During intubation in non-severely hypoxemic critically ill patients, HFNC as a preoxygenation and apneic oxygenation device did not increase the median lowest SpO2 compared with SMO. However, HFNC significantly reduced intubation-related complications by threefold including severe complications. The latter result is a major finding considering the high rate of complications observed in the present study, i.e., occurring in more than 10% of patients, despite inclusion of non-severely hypoxemic patients. Considering that only one operator removed HFNC during intubation, holding the nasal prongs in place during intubation did not appear to obstruct vision or interfere with intubation.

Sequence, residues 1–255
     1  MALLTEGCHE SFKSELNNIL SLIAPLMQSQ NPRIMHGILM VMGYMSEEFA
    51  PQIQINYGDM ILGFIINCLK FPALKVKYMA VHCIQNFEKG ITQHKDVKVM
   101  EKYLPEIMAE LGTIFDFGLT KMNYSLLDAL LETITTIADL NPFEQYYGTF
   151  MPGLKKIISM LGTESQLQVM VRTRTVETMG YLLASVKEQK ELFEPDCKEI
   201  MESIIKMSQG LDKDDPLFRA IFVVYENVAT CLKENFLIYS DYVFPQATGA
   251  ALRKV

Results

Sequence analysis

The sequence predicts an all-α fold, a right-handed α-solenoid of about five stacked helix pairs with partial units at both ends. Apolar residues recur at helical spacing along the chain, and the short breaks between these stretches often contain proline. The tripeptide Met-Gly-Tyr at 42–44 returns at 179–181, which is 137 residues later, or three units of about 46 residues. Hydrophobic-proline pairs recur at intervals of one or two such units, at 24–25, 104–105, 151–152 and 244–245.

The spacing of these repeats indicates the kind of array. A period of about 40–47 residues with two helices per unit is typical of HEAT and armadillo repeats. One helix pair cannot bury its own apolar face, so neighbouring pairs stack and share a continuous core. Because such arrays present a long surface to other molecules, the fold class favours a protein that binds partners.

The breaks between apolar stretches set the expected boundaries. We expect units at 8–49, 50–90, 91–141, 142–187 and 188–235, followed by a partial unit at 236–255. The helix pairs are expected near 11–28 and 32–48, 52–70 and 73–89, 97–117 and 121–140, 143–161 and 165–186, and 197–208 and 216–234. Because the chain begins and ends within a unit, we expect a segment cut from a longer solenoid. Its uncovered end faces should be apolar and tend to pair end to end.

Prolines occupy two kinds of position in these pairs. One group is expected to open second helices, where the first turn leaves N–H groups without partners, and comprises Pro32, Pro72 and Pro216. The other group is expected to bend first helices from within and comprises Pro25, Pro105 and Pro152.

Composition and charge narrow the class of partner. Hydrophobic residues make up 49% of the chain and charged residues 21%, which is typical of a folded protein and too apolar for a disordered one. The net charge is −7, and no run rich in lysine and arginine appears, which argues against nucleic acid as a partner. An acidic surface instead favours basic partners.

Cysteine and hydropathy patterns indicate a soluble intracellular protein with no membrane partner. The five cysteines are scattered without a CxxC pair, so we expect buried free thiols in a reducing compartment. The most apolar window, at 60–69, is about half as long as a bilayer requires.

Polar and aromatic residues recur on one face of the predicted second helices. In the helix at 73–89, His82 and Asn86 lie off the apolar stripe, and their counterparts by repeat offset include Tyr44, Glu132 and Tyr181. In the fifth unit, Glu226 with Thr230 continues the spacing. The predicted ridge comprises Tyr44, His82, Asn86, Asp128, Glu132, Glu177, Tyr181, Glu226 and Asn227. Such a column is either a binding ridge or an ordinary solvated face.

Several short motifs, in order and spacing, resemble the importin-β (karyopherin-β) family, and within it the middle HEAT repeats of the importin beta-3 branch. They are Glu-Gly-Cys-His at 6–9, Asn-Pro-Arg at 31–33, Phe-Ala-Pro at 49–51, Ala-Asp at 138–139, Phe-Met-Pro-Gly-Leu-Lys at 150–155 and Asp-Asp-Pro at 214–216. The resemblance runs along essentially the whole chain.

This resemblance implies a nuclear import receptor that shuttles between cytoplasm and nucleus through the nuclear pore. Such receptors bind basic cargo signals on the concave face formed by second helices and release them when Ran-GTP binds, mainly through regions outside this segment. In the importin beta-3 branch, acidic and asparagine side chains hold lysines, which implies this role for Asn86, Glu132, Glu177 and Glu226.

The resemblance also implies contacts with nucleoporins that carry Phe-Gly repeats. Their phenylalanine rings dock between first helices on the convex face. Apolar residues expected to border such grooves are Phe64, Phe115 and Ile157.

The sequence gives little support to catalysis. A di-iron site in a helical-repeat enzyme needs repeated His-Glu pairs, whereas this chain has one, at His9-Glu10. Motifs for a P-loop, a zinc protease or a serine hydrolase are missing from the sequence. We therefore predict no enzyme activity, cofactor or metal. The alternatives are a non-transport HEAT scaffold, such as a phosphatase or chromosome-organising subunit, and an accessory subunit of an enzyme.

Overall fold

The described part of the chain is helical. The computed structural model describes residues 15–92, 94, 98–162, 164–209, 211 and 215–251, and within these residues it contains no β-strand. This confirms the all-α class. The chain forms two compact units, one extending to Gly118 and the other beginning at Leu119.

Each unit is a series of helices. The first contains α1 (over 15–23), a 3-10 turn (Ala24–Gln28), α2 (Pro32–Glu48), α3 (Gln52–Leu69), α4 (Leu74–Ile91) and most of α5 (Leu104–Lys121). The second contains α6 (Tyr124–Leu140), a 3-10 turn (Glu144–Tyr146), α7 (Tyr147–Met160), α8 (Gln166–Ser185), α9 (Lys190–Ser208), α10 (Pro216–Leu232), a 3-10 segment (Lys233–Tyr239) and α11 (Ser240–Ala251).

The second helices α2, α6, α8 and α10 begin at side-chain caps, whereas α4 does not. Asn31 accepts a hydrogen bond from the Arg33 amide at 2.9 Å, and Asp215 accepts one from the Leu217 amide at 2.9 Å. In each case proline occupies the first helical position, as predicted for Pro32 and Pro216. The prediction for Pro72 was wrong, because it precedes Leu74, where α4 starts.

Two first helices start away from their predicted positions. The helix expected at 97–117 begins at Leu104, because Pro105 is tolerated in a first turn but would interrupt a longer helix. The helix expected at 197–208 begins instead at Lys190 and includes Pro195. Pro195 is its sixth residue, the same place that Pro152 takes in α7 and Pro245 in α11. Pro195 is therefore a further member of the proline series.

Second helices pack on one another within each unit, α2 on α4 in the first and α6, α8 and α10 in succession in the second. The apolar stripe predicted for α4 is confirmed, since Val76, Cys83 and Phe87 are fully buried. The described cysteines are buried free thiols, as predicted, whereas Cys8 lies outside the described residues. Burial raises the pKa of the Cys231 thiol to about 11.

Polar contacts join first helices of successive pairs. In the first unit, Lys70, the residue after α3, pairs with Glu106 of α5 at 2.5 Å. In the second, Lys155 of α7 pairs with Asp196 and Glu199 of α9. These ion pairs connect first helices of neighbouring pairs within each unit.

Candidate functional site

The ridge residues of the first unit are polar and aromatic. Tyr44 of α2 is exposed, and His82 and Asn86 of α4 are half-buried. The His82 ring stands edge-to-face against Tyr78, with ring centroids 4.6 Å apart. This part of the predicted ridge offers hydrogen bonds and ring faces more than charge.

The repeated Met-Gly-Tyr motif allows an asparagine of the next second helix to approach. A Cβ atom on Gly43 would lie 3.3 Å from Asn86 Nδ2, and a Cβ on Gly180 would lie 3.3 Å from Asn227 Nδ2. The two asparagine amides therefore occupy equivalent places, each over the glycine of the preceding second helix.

Our team has already reported that preoxygenation in severely hypoxemic patients with HFNC compared with SMO did not improve median lowest SpO2 during intubation [3]. To our knowledge, the present study is the first large multicenter randomized clinical trial assessing HFNC preoxygenation before intubation in non-severely hypoxemic critically ill patients. The only publication available in this setting was the study by Miguel-Montanes et al. [15]. Their study reported an improvement in the median lowest SpO2 during intubation and a reduction in severe oxygen desaturations when using HFNC compared with face mask for preoxygenation. Although it included patients with baseline characteristics close to ours, the before–after and single-center design may have overestimated the treatment effect, limiting the generalization of the results and their reproducibility in multicenter studies. In the PROTRACH study, these trends were not confirmed, but HFNC appeared as a protective factor for desaturation < 90% in multivariable analysis (see Table 4). In line with previous studies [2, 6], and similar to hypoxemic patients [3], our results highlighted that non-severely hypoxemic patients experience numerous life-threatening adverse events during intubation including deep desaturation with minimum SpO2 of 69% in HFNC vs. 43% in SMO.